Black 47: Sketches on Clonakilty

13th February 1847
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In the entire period of the Great Famine in Ireland (1845-1851) the most dramatic population decrease from death and emigration occurred in "Black '47".

The accounts from the Irish provincial papers continue to detail the unmitigated sufferings of the starving peasantry. Indeed, they are stated to be on the increase, notwithstanding the very great exertion of public bodies and individuals to assuage their pressure.

With the object of ascertaining the accuracy of the frightful statements received from the West, and of placing them in unexaggerated fidelity before our readers, a few days since, we commissioned our Artist, Mr James Mahoney, of Cork, to visit a seat of extreme suffering, viz., Skibbereen and its vicinity; and we now submit to our readers the graphic results of his journey, accompanied by such descriptive notes as he was enabled to collect whilst sketching the fearful incidents and desolate localities; premising merely, that our Artist must already have been somewhat familiar with such scenes of suffering in his own locality, (Cork), so that he cannot be supposed to have taken an extreme view of the greater misery at Skibbereen.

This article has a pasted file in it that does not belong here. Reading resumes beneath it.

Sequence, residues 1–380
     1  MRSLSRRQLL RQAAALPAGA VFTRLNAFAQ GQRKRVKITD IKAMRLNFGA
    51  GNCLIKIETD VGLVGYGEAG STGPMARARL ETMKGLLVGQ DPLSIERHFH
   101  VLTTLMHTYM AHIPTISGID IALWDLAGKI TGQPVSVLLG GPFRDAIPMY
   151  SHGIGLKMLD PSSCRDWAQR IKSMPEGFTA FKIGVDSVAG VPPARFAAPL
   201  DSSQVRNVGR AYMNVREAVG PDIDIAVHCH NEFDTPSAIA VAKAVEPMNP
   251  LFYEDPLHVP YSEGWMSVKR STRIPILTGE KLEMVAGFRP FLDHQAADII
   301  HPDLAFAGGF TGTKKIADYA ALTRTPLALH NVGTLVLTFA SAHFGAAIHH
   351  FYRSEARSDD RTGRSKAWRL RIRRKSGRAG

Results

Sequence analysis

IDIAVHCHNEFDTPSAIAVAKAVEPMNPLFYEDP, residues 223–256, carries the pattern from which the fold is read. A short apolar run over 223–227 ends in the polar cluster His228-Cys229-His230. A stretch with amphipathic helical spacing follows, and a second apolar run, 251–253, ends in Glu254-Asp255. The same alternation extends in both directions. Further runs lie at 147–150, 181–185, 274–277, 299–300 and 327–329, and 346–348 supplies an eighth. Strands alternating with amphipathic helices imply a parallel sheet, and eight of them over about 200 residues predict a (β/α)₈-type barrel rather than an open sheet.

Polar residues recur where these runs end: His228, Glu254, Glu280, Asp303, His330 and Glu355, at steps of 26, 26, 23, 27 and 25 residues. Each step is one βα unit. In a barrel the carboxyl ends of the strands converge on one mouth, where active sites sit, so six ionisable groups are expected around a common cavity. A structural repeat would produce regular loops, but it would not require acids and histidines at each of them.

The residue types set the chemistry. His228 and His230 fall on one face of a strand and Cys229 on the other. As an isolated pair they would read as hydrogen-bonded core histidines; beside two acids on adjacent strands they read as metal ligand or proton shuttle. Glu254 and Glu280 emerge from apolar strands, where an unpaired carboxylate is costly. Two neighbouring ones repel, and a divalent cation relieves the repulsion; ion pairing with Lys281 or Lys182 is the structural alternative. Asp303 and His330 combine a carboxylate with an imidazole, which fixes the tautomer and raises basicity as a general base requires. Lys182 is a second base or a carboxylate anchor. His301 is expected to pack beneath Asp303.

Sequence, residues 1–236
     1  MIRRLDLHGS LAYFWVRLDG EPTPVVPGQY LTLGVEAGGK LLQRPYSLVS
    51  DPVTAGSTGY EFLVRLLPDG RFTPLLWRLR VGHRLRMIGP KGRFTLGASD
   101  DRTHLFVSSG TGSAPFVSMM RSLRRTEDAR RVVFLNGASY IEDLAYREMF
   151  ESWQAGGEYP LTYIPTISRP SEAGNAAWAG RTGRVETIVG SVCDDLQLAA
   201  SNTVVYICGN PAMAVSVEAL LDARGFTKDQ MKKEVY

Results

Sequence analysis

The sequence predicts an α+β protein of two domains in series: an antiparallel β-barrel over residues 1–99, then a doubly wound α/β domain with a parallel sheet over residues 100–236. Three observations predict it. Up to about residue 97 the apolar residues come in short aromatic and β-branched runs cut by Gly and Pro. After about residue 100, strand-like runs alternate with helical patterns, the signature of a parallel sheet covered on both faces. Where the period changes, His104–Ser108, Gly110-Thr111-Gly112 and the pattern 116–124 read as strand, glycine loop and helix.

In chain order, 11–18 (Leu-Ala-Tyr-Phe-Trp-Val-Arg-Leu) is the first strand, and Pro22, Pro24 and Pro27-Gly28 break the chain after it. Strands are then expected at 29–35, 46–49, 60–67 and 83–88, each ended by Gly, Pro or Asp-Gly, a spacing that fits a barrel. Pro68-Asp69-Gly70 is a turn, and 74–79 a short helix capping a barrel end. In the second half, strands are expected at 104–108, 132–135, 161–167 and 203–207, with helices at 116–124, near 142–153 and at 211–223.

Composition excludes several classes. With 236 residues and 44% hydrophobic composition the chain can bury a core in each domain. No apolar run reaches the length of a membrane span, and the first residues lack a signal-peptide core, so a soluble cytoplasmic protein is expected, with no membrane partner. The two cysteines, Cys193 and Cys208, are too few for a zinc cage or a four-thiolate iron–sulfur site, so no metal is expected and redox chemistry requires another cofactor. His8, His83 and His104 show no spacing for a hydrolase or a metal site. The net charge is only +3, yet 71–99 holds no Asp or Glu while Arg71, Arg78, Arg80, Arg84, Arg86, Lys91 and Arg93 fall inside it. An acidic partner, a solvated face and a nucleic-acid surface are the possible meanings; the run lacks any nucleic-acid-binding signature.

“I started from Cork, by the mail (says our informant), for Skibbereen and saw little until we came to Clonakilty, where the coach stopped for breakfast; and here, for the first time, the horrors of the poverty became visible, in the vast number of famished poor, who flocked around the coach to beg alms: amongst them was a woman carrying in her arms the corpse of a fine child, and making the most distressing appeal to the passengers for aid to enable her to purchase a coffin and bury her dear little baby. This horrible spectacle induced me to make some inquiry about her when I learned from the people of the hotel that each day brings dozens of such applicants into the town. 

SOURCE Illustrated London News - Saturday 13 February 1847


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